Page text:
Applications from five on-the-run republican terror suspects for letters assuring them they will not be prosecuted in the UK are still being considered by the Government, a Stormont minister has claimed.
Northern Ireland’s Justice Minister David Ford indicated that the scheme to deal with on-the-runs (OTRs) was still active as Assembly members prepared to debate the controversy at an emergency meeting at Parliament Buildings in Belfast.
The disclosure by Mr Ford has created uncertainty over whether the administrative scheme, agreed between Sinn Fein and the last Labour government, is still being run by the coalition Government.
More than 180 republicans have already received letters telling them they are not currently wanted by the police in the UK.
Northern Ireland Secretary Theresa Villiers said today that her predecessor, Conservative MP Owen Paterson, had informed Sinn Fein that no new cases would be dealt with by the current Government, apart from the 38 it inherited on taking office, and had urged the republican party to bring new applications to the devolved authorities at Stormont.
But Mr Ford said his understanding from a discussion with a senior NIO official this morning was that there were five cases still being dealt with by the Government and that those only emerged in late 2012 - more than two years after the Coalition came to power.
Mr Ford said he was assured that the NIO had responsibility for the cases and not his devolved department.
“The senior (NIO) official I spoke to thought there were five cases still under examination and that they were their responsibility,” the Justice Minister said.
Ms Villiers said she was briefed on the scheme when she came to office in September 2012.
“It was explained to me that my predecessor looked at it when he was appointed,” she told BBC Radio 4’s Today programme.
“It was made very clear that it was not an amnesty, it did not confer immunity.”
Mrs Villiers said that, out of 38 cases pending when the Coalition came to office, 12 had received a letter.
“In hindsight, yes, it is a matter of great regret to me that, in particular, neither the First Minister (Peter Robinson) or the Justice Minister was briefed on this. Because, actually, what my predecessor, Owen Paterson, had decided to do was to recommend to Sinn Fein that, if new cases arose, it was not appropriate for the Government to deal with them, because policing and justice had by then been devolved.
“At that point we should have informed the devolved authorities, but we left it to Sinn Fein if they wished to raise new cases to pass them on to the devolved authorities.”
The Stormont Assembly was recalled for the additional sitting following a request by Mr Robinson at the height of this week’s political crisis over the scheme.
When Mr Robinson made the announcement on Wednesday, shortly after he had threatened to resign over the issue, there were fears the future of the power-sharing executive would be on the line during the plenary session.
But those concerns receded last night when the Democratic Unionist leader withdrew his ultimatum in response to an announcement by Prime Minister David Cameron that he was ordering a judge-led review of the matter.
Mr Robinson, whose resignation would have seen the institutions fold, and likely a snap Assembly election, claimed assurances he had received from the Government about the letters had now rendered them effectively “worthless”.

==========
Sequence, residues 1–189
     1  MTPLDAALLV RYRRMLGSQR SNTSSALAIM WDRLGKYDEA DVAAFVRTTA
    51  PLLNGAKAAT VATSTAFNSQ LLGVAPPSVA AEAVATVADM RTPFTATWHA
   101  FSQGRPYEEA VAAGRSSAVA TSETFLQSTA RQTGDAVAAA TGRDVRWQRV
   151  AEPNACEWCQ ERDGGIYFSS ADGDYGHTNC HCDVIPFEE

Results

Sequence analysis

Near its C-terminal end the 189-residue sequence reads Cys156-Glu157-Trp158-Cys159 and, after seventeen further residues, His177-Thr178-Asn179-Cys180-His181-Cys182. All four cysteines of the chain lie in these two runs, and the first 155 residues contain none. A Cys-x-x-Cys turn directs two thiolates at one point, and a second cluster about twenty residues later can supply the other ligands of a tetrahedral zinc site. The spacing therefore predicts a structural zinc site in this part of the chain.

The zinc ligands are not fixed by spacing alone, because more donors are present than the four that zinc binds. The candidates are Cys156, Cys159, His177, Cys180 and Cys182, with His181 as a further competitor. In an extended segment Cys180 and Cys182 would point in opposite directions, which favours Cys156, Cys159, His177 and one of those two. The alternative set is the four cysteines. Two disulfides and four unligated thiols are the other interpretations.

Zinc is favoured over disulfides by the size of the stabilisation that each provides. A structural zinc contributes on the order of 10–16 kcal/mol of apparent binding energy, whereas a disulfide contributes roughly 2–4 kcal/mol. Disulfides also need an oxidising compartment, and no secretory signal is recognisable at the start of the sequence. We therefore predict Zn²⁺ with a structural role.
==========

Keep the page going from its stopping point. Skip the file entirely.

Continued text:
Sinn Fein has rejected this interpretation, claiming the letters still hold the same status and that they had never guaranteed immunity, rather they just informed an individual whether they were currently being sought by the UK authorities.
The republican party has also accused the DUP and other political rivals of “grandstanding” on the issue and claimed the threat of collapsing the Executive was a ruse to distract the public from the fact they all already knew about the process to deal with the on-the-runs.
Mr Robinson said the deluge of calls his party had received from victims and other members of the public demonstrated there was nothing “synthetic” about the crisis.
With Sinn Fein likely to be pitted against the majority of other MLAs in the Assembly, the plenary session at Stormont this afternoon will still undoubtedly be heated.
As well as commissioning the review, the Government said it would be making clear to all those who had received a letter in the past that if evidence now existed, or emerged in the future, which linked them to an offence, they could be questioned or prosecuted.
Mr Robinson claimed that move represented a fundamental change to how the scheme had operated before.
“I think that makes it clear that they (the OTRs) have a fairly worthless piece of paper,” he said.
Details of 180 plus letters sent to OTRs emerged when the case against a man charged with the 1982 IRA Hyde Park bombing collapsed.
John Downey, 62, from Donegal, denied murdering four soldiers in the attack in London.
The case against him was ended because government officials mistakenly sent him one of the assurance letters in 2007 telling him he was no longer a wanted man.
But the collapse shone the light on the wider policy of sending such letters to on-the-runs, with many politicians in Northern Ireland reacting with fury, claiming the scheme was operating without their knowledge.
The judge appointed by Mr Cameron will report by the end of May.
Last night Sinn Fein Assembly member Alex Maskey described the review announced by the Prime Minister as “unnecessary”.
“This announcement is a political fig leaf for the DUP to try and get them off the hook they jumped on to over the past few days,” he said.